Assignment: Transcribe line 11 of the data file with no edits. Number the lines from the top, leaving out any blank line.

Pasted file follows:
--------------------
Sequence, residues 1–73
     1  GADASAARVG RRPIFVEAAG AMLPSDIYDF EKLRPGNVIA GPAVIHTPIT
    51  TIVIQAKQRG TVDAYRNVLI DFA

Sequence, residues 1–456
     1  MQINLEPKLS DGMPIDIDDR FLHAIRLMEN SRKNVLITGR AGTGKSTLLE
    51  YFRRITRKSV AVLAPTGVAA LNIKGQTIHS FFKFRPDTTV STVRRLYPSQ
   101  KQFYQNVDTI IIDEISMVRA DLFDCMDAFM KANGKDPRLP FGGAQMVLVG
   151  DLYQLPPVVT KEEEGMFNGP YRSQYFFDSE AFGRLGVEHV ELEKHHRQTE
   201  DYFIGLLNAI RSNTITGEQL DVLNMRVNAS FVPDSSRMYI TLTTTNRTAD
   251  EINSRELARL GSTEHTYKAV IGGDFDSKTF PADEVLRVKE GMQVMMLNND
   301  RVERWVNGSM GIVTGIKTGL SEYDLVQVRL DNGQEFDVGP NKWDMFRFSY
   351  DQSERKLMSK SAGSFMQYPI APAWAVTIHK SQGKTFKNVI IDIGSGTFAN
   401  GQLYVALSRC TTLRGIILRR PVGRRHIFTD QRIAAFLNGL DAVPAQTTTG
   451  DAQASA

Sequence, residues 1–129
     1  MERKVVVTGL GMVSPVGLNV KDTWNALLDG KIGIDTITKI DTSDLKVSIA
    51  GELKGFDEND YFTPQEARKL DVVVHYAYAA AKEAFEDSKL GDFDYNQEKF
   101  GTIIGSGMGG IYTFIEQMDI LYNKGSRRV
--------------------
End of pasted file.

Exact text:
   301  RVERWVNGSM GIVTGIKTGL SEYDLVQVRL DNGQEFDVGP NKWDMFRFSY